This last small group of Bernard's sermons to be published in translation by Cistercian Publications rightly goes by the title De varii in the critical edition. While most of them treat feasts on the church calendar, they do so in a somewhat hit-or-miss fashion. Three sermons also deal with God's will, God's mercies, and the gifts of the Holy Spirit. Two sermons for the feast of Saint Victor are a response to a request to Bernard from the monks of Montmarey; the Bollandist Life of Saint Victor appears here as a complement to those sermons. Besides the nine sermons normally assigned to the De varii, this volume also includes a sermon on the feast of Saint Benedict that was recently added to the collection in Sources Chrétiennes. The survival of this loose assemblage of sermons outside of the organized collections of Bernard's sermons provides a reminder of Bernard as preacher and writer, able despite all his other activities to turn his hand to preaching when called upon. While they treat of disparate themes, they allow us to encounter the quintessential Bernard-speaking of the life of desire, the true meaning of holiness, and the awakening of the spiritual senses in the search for God.
In A Feast of Creatures, Craig Williamson recasts nearly one hundred Old English riddles of the Exeter Book into a modern verse mode that yokes the cadences of Aelfric with the sprung rhythm of Gerard Manley Hopkins. Like the early English riddlers before him, Williamson gives voice to the nightingale, plow, ox, phallic onion, and storm-wind. In lean and taut language he offers us mead disguised as a mighty wrestler, the sword as a celibate thane, the silver wine-cup as a seductress, the horn transformed from head-warrior to ink-belly or battle-singer. In his notes and commentary he gives us possible and probable solutions, sources, and analogues, a shrewd sense of literary play, and traces the literary and cultural contexts in which each riddle may be viewed. In his introduction, Williamson traces for us the history of riddles and riddle scholarship.
A Literary Guide to Foraging and Cooking Wild Edible Plants
Author: Luigi Ballerini
Pubpsher: Univ of California Press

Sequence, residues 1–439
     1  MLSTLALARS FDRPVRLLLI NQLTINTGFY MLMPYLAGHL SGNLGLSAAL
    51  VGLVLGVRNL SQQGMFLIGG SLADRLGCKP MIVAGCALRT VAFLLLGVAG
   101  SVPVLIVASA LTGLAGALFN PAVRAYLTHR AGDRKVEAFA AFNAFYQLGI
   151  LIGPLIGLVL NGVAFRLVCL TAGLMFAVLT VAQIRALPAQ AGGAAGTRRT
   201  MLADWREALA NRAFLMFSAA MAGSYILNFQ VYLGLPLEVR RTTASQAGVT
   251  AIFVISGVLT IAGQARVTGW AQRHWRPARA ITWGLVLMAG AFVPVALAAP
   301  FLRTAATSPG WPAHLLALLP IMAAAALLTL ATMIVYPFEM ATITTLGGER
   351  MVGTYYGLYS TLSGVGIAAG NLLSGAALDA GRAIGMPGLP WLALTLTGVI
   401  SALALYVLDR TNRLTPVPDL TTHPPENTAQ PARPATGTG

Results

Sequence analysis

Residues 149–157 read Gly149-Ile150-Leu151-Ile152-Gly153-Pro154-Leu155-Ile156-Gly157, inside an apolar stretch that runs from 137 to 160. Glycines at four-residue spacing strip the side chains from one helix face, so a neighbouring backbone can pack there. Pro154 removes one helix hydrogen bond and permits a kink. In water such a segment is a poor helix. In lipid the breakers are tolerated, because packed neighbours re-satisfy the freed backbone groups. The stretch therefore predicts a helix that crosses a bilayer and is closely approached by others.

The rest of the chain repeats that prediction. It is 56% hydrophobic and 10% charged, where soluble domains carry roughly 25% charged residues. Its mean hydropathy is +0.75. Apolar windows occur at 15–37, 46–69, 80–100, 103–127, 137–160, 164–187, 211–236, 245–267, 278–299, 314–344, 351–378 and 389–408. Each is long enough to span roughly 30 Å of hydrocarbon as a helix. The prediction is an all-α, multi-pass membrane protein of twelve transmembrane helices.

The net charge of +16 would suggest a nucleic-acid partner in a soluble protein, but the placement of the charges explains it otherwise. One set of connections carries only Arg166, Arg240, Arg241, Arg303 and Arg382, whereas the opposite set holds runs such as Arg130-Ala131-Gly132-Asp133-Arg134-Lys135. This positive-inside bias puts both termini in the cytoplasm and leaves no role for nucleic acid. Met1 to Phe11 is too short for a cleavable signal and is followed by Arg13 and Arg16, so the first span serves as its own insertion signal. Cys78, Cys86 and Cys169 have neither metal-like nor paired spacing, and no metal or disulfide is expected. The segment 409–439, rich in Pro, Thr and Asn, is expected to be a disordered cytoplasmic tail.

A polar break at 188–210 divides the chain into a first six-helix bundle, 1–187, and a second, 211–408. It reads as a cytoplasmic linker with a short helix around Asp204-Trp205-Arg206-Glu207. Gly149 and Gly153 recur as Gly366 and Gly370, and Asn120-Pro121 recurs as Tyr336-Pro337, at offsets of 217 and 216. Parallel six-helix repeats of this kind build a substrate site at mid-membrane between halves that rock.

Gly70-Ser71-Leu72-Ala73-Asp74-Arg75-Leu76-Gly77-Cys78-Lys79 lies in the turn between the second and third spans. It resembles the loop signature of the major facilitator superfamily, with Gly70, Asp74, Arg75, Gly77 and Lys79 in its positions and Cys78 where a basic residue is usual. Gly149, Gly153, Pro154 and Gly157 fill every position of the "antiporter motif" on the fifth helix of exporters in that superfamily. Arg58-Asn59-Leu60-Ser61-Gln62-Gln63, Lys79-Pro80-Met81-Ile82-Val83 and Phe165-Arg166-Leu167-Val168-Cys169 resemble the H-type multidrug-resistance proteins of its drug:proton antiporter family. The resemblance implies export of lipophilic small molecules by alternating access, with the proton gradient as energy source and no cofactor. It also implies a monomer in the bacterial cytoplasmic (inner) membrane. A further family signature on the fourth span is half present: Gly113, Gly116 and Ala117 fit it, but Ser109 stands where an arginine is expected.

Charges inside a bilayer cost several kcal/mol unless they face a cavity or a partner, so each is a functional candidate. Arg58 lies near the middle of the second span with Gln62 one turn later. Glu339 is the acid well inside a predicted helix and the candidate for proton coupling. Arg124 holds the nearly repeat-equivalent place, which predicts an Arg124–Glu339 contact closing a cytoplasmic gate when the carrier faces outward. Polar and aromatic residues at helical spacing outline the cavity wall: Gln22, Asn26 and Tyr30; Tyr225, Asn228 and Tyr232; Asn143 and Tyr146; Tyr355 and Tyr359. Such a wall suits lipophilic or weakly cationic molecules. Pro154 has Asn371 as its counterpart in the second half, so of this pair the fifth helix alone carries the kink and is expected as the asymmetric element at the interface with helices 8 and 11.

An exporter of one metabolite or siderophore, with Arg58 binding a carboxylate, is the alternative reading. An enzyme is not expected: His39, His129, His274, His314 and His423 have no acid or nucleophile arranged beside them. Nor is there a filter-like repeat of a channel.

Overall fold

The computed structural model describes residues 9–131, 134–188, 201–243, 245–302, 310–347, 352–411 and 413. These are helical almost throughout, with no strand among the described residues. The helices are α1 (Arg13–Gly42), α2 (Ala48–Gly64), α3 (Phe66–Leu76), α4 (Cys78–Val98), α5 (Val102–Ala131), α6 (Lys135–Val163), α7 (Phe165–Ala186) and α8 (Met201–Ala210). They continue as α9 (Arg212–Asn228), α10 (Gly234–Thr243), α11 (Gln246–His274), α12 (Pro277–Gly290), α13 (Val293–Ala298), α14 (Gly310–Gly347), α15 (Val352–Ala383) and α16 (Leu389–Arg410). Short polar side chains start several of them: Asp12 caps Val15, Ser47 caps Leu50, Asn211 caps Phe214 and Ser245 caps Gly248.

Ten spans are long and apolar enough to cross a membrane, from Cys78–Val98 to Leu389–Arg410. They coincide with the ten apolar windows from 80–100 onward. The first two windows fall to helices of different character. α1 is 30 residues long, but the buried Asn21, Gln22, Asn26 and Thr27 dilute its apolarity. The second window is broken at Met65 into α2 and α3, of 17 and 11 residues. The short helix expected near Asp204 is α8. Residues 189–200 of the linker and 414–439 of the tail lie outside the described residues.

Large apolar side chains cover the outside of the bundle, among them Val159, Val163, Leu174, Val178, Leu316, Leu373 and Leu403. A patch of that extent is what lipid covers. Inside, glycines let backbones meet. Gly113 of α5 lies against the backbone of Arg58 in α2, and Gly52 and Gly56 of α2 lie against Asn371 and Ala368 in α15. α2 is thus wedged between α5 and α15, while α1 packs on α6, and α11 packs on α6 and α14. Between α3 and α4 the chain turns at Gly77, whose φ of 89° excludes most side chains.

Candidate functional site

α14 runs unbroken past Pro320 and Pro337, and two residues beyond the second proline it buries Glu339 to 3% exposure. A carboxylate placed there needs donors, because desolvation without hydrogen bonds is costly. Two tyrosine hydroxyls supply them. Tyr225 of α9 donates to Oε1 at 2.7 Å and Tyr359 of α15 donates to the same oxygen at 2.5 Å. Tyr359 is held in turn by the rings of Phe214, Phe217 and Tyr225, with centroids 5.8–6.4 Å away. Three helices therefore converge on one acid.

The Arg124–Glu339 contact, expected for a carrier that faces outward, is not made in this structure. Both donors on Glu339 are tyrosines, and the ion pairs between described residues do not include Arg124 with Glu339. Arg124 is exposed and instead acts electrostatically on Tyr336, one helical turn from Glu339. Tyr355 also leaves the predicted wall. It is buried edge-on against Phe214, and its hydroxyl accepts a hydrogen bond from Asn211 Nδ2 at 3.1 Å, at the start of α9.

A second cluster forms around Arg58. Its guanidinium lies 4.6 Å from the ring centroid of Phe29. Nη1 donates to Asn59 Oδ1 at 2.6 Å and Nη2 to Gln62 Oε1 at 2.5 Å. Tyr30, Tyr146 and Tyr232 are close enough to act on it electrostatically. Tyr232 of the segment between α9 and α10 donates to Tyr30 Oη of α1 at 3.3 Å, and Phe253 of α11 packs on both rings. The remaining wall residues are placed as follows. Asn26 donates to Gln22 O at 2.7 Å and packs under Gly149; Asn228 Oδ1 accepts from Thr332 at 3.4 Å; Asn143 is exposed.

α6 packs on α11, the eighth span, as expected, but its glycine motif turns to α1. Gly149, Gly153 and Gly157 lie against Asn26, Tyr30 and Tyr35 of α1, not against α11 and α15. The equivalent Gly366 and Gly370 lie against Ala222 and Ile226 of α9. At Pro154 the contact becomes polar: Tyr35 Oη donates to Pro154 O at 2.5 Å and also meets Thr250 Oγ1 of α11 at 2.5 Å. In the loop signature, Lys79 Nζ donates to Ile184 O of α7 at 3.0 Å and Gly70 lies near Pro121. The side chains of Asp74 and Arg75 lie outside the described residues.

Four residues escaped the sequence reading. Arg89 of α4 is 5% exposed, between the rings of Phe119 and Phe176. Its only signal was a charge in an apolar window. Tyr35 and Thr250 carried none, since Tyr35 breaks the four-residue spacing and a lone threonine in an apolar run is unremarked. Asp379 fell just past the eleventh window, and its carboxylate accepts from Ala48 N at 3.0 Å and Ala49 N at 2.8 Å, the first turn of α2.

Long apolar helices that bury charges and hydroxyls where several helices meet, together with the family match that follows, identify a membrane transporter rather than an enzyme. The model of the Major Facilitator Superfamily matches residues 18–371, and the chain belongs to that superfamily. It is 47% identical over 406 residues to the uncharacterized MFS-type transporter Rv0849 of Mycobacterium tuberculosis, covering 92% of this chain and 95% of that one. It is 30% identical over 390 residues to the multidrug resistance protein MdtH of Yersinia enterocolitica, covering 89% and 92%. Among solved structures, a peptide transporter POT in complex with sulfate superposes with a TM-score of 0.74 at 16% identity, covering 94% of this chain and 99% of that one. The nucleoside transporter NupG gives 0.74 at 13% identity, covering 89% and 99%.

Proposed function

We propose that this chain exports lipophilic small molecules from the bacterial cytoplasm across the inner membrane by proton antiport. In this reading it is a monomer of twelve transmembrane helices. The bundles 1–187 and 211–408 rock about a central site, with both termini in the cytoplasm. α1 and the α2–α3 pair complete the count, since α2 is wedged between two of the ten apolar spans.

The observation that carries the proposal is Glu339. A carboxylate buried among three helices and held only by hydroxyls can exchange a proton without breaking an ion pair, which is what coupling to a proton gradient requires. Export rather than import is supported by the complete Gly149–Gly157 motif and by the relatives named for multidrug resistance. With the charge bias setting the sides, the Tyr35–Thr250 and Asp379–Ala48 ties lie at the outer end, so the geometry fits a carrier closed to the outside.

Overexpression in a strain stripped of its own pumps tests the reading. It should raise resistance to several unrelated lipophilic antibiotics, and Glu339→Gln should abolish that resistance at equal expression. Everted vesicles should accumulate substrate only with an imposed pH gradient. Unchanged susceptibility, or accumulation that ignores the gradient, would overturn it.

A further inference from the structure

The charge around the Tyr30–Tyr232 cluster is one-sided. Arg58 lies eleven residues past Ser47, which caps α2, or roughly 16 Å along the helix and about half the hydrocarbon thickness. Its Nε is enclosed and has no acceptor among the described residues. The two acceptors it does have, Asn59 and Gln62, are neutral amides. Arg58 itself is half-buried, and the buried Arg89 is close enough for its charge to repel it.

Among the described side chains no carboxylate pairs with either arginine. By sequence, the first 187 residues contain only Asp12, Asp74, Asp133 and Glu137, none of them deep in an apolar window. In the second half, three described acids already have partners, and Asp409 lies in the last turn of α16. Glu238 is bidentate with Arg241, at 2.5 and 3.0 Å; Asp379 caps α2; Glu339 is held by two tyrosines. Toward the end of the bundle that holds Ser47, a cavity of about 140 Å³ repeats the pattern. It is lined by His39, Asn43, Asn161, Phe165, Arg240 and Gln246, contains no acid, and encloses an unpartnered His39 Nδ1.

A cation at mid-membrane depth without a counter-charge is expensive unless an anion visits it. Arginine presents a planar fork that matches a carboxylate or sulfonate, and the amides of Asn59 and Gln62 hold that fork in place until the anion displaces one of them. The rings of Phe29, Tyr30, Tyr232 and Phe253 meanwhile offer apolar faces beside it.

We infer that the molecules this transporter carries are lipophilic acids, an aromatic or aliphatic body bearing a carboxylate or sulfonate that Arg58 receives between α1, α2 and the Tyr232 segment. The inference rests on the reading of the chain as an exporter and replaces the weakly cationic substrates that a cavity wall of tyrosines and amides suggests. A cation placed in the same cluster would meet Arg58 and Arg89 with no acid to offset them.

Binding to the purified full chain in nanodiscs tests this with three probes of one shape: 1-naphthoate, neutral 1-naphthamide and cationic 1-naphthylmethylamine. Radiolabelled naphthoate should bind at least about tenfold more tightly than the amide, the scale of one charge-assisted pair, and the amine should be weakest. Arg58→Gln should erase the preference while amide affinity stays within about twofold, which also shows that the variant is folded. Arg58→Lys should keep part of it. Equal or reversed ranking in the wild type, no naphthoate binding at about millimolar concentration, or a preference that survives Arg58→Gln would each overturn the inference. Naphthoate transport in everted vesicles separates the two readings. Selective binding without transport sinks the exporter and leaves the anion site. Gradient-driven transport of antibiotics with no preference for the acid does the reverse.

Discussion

"A dazzling display of humanistic erudition, wit, and practical culinary advice. Ballerini's living herbarium reinitiates modern readers living in the concrete manswarm into the joys of foraging, gathering, and savoring herbs, flowers, and berries. Its wide-ranging historical context, a veritable documentary of poets and chroniclers of past and present, is a learned celebration of nature's bounty. Practical and flavorful recipes for each plant transport the 'weeds' from the field to the palate and enhance a narrative enriched by splendid complementary footnotes."—Albert Sonnenfeld, Series Director, Arts of the Table "Weeds indeed. A guide as witty as he is erudite, Luigi Ballerini has given us a remarkable compendium of the wild greens, along with their flowers and fruits, that people have foraged and eaten for millennia. Once the food of the poor, such ingredients are now in high demand. Gathering greens both familiar—such as mint or borage—and obscure—milk thistle and wallrocket—Ballerini draws upon a diverse cast of authors to attest or dispute their real or alleged medicinal powers. Just as important, he never neglects to suggest how they taste or to present fine recipes so that we can savor them for ourselves."—Carol Field, author of The Italian Baker "The scholar and poet Luigi Ballerini has given us a mouthwatering treasure of inventive Italian recipes for foraged wild plants adapted for the American locavore kitchen (including ten for borage alone, as well as nettle and purslane frittatas, and prickly pear risotto). This elegantly illustrated volume is peppered with humor and tastefully seasoned with a wealth of cultural, historical, and scientific sources and information. A Feast of Weeds is food for both the palate and the mind."—Jean-Claude Carron, University of California, Los Angeles